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Car industry sees bright future – analysts don’t

(ATF) China’s leading motor industry group has hailed the rebound in its sales since the coronavirus lockdown decimated demand – despite analyst predictions the sector is headed for a third year of gloom.

The comments from the China Association of Automobile Manufacturers (CAAM) came hours before Volvo Cars, a unit of China’s largest automaker Geely Holding, said it expected to report a first-half loss. 

The nation’s return to work after lockdowns shuttered the economy for two months promoted second-quarter production and sales in the automobile industry, Fu Bingfeng, executive vice president and secretary general of China Association of Automobile Manufacturers (CAAM) said Monday.

The overall performance was better than expected and the market will enter a relatively stable development process in the second half of the year, Fu said.

CAAM figures show that production in April exceeded two million vehicles and sales rose 4.4% year-on-year. In May, that figure was 14.5%.

That followed a 24% slump in March, at the height of the lockdowns.

Demand was driven by pent-up demand and by generous incentives offered by the local governments and discounts by manufacturers. But as those run out in the coming months, analysis at S&P Global forecast sales will wither again.

“I would prefer to use the word ‘normalisation,’ things getting back to normal – it’s not exactly a recovery,” Benjamin Lo, head of China auto research at Nomura, said during a June webinar, S&P reported.

Volvo Cars said on Tuesday it expects its business to recover in the second half of the year, even as the automaker reported an operating loss for the January-June period.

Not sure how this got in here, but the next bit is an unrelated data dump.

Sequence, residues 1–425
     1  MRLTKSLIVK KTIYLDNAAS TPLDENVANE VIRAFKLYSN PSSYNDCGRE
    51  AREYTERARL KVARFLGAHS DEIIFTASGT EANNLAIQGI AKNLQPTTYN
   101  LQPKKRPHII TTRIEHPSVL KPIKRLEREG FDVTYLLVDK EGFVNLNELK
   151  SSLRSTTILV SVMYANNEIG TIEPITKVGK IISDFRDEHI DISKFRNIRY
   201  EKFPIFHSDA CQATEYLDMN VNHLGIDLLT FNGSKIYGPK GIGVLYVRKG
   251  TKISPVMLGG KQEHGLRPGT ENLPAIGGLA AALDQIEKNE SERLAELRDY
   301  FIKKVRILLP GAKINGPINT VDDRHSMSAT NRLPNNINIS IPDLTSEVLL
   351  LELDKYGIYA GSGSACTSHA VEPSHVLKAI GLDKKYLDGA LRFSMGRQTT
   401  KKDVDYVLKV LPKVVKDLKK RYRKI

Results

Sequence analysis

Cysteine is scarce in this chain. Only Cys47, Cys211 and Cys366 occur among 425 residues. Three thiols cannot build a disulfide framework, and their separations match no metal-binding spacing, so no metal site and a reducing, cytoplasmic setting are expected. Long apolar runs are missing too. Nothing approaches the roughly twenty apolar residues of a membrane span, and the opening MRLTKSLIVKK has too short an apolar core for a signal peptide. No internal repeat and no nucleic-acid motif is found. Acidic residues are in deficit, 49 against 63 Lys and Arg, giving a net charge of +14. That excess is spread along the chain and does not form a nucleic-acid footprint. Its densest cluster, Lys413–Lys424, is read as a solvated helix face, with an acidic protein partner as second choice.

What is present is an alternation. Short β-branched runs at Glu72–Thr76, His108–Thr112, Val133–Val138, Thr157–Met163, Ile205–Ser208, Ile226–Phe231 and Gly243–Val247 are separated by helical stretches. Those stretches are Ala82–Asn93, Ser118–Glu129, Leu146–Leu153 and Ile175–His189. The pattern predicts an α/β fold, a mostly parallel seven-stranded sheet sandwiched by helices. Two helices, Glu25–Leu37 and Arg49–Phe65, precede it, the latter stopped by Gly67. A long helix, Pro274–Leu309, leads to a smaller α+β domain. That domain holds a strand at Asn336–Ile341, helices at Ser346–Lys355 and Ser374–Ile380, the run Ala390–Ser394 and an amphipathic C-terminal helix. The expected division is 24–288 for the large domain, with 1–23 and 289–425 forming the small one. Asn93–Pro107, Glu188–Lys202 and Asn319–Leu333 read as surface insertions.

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The Gothenburg-based company has been hit hard by the pandemic that has temporarily closed plants and strained supply chains in the industry, with lockdowns in many key markets and transport hubs.

Volvo said it had seen a return to solid growth in China during the second quarter, and is expecting a similar upturn in the United States and Europe.

“If the market recovers as we expect, we anticipate sales volumes to return to the levels we saw in the second half of 2019 and it is also our ambition to return to similar profit levels and cash flow,” CEO Hakan Samuelsson said in a statement.

Market recovery has allowed the company to resume production in all factories, except the Charleston plant in Ridgeville, South Carolina, Volvo said.

The carmaker, which Geely acquired from Ford Motor Co in 2010, reported an operating loss of 989 million Swedish crowns ($110.2 million), versus a 5.52 billion profit last year, as revenues fell 14% to 111.8 billion.

The firm had warned in March that sales, earnings and cash flow in the first half of 2020 would decline from a year ago as the coronavirus pandemic weighed on its business.

  • Additional reporting by Helena Soderpalm at Reuters

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